jmcgregor

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jmcgregor@arizona.edu
McGregor, Janice
Assistant Professor

Hi! I'm an Assistant Professor of German Studies and an affiliate faculty member in the Interdisciplinary PhD program in Second Language Acquisition and Teaching (SLAT). I completed my PhD in German Applied Linguistics at Penn State and subsequently held the position of Assistant Professor of German at Kansas State University from 2012-2018.

My experiences with identity, authenticity, and multilingualism shape my research endeavors, which center around three interrelated strands:

  1. Language learning, identity and learner beliefs;
  2. Culture and intercultural learning, especially in study abroad;
  3. Qualitative research methods in German applied linguistics.

My projects' findings highlight the need for scholars and educators to better attend to the coordinated interactional work that speakers do in social interactions (e.g. "naturally-occurring" interactions, in interviews), the value of adopting an understanding of "authentic" language as encompassing patterns of language and meaning that are both recognizable within and across communities of speakers and that are appropriated as one's own, and the value of examining beliefs about and constructions of intercultural learning in order to better articulate what it actually is and how to assess it. See here for my contribution to the Tucson Humanities Festival 2020: "Study Abroad and Un(doing) Harm".

Currently Teaching

GER 244 – Real Talk: Why Language Matters

In this course, students study conversational talk and its relationship to broader topics like identity, sexism, racism, and linguistic discrimination in the humanities, literary studies, cultural studies, and applied linguistics. This course emphasizes the conversational experiences of those who experience privilege and marginalization, drawing on intercultural texts and perspectives originating in German-language contexts. Using the tools and methods of conversation analysis, students collect and analyze their own conversations and learn how to write for a variety of discipline-specific contexts and genres. Taught in English.

In this course, students study conversational talk and its relationship to broader topics like identity, sexism, racism, and linguistic discrimination in the humanities, literary studies, cultural studies, and applied linguistics. This course emphasizes the conversational experiences of those who experience privilege and marginalization, drawing on intercultural texts and perspectives originating in German-language contexts. Using the tools and methods of conversation analysis, students collect and analyze their own conversations and learn how to write for a variety of discipline-specific contexts and genres. Taught in English.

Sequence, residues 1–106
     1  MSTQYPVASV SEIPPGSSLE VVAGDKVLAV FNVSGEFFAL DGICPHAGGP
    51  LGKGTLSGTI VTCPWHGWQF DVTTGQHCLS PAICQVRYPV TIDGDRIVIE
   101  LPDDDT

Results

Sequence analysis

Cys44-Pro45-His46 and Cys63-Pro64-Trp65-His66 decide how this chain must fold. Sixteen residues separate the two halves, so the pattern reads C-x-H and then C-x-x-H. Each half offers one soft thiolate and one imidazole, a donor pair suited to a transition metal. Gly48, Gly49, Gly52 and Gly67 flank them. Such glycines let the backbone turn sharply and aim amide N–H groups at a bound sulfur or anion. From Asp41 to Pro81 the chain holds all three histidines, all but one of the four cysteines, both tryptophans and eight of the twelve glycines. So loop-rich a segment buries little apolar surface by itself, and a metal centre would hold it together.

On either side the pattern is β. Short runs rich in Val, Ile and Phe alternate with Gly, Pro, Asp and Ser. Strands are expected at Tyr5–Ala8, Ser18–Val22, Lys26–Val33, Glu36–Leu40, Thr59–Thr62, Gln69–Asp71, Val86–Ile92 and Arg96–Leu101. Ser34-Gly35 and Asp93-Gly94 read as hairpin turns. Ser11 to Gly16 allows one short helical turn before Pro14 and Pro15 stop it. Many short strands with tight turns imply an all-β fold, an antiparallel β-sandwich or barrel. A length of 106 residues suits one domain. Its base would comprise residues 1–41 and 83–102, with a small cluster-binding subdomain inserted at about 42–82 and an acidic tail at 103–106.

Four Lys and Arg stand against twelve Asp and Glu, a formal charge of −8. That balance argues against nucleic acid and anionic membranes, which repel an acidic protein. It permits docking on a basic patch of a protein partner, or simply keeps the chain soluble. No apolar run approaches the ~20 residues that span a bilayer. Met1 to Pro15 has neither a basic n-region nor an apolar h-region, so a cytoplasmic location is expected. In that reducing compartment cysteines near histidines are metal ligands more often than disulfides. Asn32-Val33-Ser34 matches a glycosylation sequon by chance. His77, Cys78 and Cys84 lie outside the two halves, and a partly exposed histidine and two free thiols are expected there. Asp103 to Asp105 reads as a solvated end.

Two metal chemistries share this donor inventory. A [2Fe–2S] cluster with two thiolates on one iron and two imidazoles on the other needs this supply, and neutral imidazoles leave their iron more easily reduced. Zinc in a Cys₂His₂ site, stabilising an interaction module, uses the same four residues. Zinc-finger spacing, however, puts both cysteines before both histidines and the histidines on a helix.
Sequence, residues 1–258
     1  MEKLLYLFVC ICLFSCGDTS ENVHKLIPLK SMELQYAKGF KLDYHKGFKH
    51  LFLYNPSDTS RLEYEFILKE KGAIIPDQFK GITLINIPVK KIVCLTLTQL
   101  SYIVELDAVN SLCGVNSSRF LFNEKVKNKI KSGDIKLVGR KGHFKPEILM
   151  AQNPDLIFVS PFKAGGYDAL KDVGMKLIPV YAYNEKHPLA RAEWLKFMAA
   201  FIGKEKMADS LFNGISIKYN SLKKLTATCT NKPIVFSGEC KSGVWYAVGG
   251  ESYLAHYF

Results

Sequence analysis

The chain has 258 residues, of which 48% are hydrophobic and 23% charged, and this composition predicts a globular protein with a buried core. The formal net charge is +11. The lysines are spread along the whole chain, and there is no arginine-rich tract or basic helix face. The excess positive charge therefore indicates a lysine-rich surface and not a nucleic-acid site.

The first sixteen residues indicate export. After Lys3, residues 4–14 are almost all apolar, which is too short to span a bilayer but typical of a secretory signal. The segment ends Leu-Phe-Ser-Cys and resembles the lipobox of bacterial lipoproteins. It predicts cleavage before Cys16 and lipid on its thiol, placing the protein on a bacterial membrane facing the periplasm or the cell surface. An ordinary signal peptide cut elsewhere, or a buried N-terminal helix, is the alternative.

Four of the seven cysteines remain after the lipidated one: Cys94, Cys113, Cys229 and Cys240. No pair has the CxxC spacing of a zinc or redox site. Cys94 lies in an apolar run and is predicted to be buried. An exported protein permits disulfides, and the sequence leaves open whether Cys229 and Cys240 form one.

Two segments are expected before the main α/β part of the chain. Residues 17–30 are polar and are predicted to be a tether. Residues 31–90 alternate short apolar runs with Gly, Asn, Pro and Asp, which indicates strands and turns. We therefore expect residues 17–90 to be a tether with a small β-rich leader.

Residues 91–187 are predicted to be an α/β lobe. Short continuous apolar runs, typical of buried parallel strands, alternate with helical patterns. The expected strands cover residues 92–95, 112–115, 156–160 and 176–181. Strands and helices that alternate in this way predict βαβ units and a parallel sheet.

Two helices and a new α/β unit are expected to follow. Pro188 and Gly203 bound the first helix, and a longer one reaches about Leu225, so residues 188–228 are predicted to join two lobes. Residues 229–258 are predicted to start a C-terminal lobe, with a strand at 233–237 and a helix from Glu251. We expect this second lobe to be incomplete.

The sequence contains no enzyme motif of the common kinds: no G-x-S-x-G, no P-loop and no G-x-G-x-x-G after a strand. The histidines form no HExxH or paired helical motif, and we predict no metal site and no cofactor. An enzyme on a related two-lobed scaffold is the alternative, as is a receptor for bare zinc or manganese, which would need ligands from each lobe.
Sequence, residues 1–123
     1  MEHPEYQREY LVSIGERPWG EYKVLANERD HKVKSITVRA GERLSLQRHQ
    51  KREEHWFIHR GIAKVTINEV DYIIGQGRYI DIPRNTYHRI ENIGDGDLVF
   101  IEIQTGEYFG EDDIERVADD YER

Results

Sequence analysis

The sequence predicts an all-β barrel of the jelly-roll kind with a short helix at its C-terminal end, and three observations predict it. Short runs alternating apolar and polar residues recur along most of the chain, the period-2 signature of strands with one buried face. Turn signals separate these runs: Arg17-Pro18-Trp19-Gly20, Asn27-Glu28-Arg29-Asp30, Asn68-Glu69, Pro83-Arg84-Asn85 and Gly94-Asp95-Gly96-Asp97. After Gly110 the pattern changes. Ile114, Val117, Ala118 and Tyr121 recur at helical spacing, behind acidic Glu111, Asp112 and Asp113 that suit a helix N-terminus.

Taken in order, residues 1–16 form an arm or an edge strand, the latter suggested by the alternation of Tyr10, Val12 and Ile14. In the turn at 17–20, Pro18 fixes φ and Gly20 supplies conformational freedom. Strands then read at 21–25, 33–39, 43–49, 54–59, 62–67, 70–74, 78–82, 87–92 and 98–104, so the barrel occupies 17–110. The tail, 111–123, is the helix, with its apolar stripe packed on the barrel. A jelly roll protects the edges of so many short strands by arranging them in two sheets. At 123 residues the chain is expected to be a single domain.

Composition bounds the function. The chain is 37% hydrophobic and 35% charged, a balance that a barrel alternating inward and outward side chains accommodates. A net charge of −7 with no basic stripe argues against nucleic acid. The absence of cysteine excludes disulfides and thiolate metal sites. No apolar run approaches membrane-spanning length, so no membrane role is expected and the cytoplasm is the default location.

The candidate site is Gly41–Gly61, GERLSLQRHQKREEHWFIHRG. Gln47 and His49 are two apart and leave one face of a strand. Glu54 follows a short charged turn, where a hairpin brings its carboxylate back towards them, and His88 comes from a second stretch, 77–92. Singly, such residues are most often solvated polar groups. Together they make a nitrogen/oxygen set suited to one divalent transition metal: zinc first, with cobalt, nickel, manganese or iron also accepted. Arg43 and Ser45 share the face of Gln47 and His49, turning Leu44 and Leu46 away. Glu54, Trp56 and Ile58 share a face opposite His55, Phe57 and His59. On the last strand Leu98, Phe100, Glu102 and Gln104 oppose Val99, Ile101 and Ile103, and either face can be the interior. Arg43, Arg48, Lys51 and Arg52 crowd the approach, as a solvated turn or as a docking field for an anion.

In this course, students study conversational talk and its relationship to broader topics like identity, sexism, racism, and linguistic discrimination in the humanities, literary studies, cultural studies, and applied linguistics. This course emphasizes the conversational experiences of those who experience privilege and marginalization, drawing on intercultural texts and perspectives originating in German-language contexts. Using the tools and methods of conversation analysis, students collect and analyze their own conversations and learn how to write for a variety of discipline-specific contexts and genres. Taught in English.

GER 587 – Assessment in Second/Foreign Language Learning

The primary objective of this course is the development of language teachers' assessment literacy, which includes knowledge of key assessment principles and skill in creating or adopting assessment tools and procedures for the language classroom. Participants in this course will develop their knowledge and skills related to assessing all skill areas in the language classroom, including productive skills (writing, speaking), receptive skills (reading, listening), and assessing grammar and vocabulary. Grading and student evaluation will also be important topics of consideration and exploration in this course. Designed specifically for in-service (and pre-service) language teachers, the course combines theory with practice by covering essential principles of effective classroom assessment and the development of effective assessment tools for classroom use. Participants completing this course will become more assessment literate and better able to evaluate student performance in their classrooms fairly and effectively.